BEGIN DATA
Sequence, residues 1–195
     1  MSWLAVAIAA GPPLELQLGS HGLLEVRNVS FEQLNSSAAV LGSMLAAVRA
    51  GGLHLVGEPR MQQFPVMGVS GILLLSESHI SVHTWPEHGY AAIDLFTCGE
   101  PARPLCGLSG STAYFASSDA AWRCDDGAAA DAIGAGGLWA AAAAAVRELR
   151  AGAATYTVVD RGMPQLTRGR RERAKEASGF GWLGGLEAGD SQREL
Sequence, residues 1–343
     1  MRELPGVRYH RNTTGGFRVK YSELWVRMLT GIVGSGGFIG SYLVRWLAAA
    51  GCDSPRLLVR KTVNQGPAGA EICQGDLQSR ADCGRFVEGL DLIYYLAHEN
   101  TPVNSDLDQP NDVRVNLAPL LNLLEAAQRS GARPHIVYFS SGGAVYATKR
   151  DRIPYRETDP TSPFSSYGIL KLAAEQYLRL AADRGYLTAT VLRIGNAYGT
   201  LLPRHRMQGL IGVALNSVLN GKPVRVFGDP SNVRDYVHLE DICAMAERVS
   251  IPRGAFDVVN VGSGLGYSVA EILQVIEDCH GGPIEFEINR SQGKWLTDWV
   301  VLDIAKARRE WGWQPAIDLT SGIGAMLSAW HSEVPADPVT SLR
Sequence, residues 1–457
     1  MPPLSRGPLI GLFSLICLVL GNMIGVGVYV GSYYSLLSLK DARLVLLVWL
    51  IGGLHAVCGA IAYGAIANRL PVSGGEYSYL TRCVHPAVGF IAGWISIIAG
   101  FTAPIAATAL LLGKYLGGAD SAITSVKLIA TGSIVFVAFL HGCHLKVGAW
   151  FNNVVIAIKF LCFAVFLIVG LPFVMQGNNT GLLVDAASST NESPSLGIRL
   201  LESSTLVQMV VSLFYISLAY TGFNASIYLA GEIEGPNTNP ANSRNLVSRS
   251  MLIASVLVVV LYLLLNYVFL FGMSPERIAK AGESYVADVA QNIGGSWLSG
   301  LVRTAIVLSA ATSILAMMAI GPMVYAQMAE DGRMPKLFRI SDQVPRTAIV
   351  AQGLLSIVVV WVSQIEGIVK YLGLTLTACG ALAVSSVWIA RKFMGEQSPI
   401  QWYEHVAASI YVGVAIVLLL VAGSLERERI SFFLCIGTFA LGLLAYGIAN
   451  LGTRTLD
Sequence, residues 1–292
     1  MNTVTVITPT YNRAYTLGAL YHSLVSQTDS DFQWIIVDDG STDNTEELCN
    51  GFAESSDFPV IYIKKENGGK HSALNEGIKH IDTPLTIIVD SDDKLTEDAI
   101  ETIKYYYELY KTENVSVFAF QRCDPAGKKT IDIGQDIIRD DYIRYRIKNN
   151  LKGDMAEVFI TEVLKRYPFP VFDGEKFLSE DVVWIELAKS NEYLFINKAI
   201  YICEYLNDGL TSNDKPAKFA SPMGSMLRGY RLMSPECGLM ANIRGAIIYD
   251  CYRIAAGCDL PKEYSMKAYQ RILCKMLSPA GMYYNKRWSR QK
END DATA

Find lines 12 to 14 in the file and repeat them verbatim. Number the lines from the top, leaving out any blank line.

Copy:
   251  IPRGAFDVVN VGSGLGYSVA EILQVIEDCH GGPIEFEINR SQGKWLTDWV
   301  VLDIAKARRE WGWQPAIDLT SGIGAMLSAW HSEVPADPVT SLR
Sequence, residues 1–457